The Crow's Nest

The Crow's Nest

Oxnard, Simi Valley, Ventura: What kind of city manager do you want?

By by Spotter 10/04/2012

The vacancies in Ventura County city manager chairs are just as interesting (maybe more so) as the city council races.


Rick Cole is out in Ventura. Ed Sotelo is on leave in Oxnard until his contract runs out next February, when it won’t be renewed (a tidy, no-contest divorce if ever there was one). And Mike Sedell is leaving the job in Simi Valley.


The replacements for these three city managers could significantly alter the future of three of the four most populous cities in the county. When it comes to city managers, there is the lapdog “follow the direction of the council to the letter” or the passive-aggressive “I heard what you said but I’ll do it my way” and even the “We both know who’s running the place.” Cole fit the middle category best and Sedell basically ran Simi Valley. Sotelo? More the passive-aggressive even though he professed to be the follow-directions type.


There truly are no “favorites” for replacements, no one in any of the cities that is ready to step in. And these vacancies create an interesting question for the councils that will hire to fill them. What do they want? More importantly, what can they muster for a majority vote?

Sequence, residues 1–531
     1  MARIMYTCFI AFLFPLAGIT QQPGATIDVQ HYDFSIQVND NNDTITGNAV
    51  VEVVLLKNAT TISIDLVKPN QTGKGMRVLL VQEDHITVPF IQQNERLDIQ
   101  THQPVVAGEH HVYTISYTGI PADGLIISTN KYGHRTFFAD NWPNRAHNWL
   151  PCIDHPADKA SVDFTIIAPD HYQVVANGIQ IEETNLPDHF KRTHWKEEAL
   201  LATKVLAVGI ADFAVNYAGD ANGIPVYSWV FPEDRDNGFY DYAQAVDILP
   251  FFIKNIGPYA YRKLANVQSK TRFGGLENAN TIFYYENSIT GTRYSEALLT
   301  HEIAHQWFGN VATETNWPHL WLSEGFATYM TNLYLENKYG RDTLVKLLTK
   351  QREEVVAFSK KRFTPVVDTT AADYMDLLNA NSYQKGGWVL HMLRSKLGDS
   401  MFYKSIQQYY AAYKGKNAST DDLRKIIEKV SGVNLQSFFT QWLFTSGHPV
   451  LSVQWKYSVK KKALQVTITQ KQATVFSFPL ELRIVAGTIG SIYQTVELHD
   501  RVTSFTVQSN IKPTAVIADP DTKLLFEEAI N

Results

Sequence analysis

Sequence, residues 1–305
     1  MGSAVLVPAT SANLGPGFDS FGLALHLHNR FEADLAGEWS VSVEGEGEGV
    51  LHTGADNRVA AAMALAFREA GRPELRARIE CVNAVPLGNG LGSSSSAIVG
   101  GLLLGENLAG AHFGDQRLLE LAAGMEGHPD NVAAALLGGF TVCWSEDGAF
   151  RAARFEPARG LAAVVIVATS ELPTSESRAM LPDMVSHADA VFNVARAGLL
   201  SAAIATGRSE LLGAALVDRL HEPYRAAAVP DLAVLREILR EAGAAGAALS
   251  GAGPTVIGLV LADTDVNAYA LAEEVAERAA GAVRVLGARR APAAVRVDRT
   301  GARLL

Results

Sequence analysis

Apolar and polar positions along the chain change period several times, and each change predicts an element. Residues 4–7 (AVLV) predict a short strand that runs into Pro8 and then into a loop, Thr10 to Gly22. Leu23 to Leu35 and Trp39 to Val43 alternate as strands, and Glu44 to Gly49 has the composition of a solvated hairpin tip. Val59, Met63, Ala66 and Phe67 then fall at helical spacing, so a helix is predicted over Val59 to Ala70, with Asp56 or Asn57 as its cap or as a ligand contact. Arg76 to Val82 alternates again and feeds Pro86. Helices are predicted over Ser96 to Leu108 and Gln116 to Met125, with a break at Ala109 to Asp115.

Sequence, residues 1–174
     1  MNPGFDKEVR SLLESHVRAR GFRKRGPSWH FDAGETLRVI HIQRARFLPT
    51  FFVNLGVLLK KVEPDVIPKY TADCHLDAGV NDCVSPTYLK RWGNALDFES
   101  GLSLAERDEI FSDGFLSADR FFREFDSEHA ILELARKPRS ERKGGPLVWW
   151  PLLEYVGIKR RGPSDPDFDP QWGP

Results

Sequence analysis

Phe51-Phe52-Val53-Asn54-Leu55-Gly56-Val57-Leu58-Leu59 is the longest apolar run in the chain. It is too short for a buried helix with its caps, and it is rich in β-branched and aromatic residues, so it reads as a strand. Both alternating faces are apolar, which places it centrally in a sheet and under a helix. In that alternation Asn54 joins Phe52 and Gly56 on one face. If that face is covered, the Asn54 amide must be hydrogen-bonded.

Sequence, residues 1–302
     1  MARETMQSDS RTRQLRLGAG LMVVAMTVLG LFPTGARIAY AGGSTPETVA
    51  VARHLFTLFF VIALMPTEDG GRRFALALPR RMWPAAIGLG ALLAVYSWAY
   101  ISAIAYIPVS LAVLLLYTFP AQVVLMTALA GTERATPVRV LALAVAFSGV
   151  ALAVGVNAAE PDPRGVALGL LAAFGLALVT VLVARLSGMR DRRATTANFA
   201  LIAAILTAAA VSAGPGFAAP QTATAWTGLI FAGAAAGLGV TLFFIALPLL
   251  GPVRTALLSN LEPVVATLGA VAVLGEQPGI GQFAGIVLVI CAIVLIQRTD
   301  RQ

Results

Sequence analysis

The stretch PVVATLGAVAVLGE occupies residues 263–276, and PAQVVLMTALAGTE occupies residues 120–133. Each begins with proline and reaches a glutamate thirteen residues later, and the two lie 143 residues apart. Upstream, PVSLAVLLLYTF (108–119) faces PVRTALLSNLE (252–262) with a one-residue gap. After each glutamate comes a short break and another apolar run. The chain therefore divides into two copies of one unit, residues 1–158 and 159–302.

All three cities are at something of a crossroads. They are close to build-out with little room for new residents. They have a mixture of successful and failed (or failing) shopping centers that are the key components of sales tax revenue. Oxnard has a hugely successful auto mall (another sales tax honey) while Simi’s is quiet. Ventura’s is about to get loud. With the movement of the Players Club to the auto mall and a new sign on the horizon, the city seems ready to bulk up its auto mall.


But in a world in which cities just lost their redevelopment dollars and the prospects for future growth are limited, there is a basic question: Who even wants the job? There was a time when being a city manager meant being a builder, someone who could shape the future of Southern California. Today, the job calls more for accounting skills than far-reaching vision. Obviously, there will be candidates. (You have to do something with that graduate degree in public administration.)


Keep your eye on these searches. But don’t hold out for a hero. 

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